Kansas Offense Clicking on All Cylinders With Its Biggest Questions AnsweredPosted by Brian Goodman on January 30th, 2014
Back in October, when we had nothing on which to evaluate the season but preview magazines and computer projections, the biggest questions surrounding Kansas were whether Naadir Tharpe would develop into a mature, trustworthy distributor, and how long it would take for Andrew Wiggins to mesh into Bill Self‘s balanced system. As we now near the halfway mark of conference play, the Jayhawks appear to have fully answered both of those questions. It’s why Kansas looks poised to lock down a #1 seed in the NCAA Tournament and why they have to be considered among the heavy favorites to cut down the nets in Arlington.
League play is supposed to be tougher than non-league play, but Tharpe apparently missed that memo. The junior has been terrific in seven games against Big 12 opponents, scoring 11.9 points and dishing out 5.6 assists per game to just 1.7 turnovers per outing. All of those numbers are better than his non-conference splits. While many of his made field goals have been the worst kind to take (long twos), he’s hit plenty of them, so while it may not be a sustainable method of shot selection, his execution has opened up space for his teammates, and there may not be a bigger beneficiary on the team than Wiggins. After exploding against TCU over the weekend, he he had another big night on Wednesday against Iowa State, scoring an efficient 29 points (a new career high) on just 16 shots. He looked more comfortable and confident than perhaps at any other point in the season, calmly making 4-of-6 three-pointers, and when Kansas needed to get some separation with the game in the balance late in the second half, he was there to provide it.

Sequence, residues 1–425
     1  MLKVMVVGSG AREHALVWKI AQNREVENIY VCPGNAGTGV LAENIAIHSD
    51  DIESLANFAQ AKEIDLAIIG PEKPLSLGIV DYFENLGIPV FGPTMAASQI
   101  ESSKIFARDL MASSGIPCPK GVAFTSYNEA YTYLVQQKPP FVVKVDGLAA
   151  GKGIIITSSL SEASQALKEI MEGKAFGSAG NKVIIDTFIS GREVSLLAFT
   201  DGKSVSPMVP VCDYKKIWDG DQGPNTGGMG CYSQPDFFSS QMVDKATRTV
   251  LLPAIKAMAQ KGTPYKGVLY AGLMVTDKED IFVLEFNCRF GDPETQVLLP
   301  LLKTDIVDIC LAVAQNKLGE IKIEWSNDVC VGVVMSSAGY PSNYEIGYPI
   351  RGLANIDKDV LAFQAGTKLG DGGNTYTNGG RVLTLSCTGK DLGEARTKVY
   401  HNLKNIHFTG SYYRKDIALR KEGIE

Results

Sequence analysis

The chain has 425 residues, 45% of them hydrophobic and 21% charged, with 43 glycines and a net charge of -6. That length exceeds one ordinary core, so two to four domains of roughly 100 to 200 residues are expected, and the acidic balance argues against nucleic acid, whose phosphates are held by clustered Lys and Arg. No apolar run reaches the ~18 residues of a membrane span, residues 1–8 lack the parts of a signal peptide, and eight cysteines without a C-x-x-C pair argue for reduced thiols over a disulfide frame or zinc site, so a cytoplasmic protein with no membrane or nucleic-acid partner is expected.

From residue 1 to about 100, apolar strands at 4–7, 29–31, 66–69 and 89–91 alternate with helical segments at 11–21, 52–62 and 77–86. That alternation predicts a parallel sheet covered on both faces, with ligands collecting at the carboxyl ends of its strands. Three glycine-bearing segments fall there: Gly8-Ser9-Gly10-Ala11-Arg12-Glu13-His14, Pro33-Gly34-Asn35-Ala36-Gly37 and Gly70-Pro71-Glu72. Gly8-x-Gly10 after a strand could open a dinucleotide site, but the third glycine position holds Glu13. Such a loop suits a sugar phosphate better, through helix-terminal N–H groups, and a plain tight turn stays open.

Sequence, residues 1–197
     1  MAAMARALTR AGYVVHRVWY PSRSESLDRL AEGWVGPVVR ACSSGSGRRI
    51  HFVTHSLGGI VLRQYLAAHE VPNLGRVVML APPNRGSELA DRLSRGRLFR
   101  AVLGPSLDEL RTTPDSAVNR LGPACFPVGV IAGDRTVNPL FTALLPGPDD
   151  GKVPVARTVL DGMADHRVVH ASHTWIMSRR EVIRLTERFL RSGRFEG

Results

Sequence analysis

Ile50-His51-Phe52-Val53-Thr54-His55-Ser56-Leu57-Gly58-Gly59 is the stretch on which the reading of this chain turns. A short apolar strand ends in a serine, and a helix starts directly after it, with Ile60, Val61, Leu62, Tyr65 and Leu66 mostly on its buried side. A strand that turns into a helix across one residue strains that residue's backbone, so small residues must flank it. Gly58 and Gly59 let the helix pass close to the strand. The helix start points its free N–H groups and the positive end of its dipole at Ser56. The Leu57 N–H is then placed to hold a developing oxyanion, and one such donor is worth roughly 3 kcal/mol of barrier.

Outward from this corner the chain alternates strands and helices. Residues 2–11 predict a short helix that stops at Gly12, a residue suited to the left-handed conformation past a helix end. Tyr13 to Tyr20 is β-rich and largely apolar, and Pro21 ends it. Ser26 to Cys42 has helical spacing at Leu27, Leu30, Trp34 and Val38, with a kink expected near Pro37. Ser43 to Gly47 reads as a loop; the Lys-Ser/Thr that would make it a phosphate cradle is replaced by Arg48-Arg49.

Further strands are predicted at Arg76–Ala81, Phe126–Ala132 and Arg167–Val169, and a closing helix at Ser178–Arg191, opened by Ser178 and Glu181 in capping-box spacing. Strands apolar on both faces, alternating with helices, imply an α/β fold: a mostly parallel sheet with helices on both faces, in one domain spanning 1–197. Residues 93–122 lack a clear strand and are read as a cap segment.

Iowa State had gone on one of its patented runs and the Jayhawks’ lead was down to just three points. Wiggins drove to the hoop, drawing an intentional foul on Cyclones forward Dustin Hogue. After a minor dust-up ensued, Wiggins went to the line and made both free throws. On the next trip, he followed an Embiid miss with a tip-in. Fifteen seconds later, Wiggins leaked out after a Tharpe steal, and with no one in front of him, brought down the house with an emphatic two-handed dunk. The scintillating freshman is averaging 19.2 points and 7.5 rebounds per game over his last seven contests, and that includes an outing against Oklahoma State where he was essentially a non-factor. It was always unfair to expect Wiggins to live up to the massive hype placed upon him before the season even began, but while his efficiency numbers have always been stellar, we’re finally seeing him parlay his sky-high talent and athleticism into productive games on a nightly basis.
The emergence of Joel Embiid has also allowed Wiggins to adapt to the college atmosphere at his own pace, keeping Kansas above water through the most rugged non-league schedule assembled by a major-conference team in recent memory. It’s no coincidence that the Jayhawks’ offense is absolutely rolling as Wiggins’ confidence level has grown. While Maple Jordan is athletic enough to not have to rely on Tharpe’s improvement as a distributor to get clean looks, it’s certainly helped more than the numbers show. It’s also helped Perry Ellis, who on Wednesday had one of the quietest 20-point games you’ll see this season. If the game continues to slow down for Tharpe and Wiggins — it’s downright terrifying to imagine where the Jayhawks could be in six weeks, much less nine.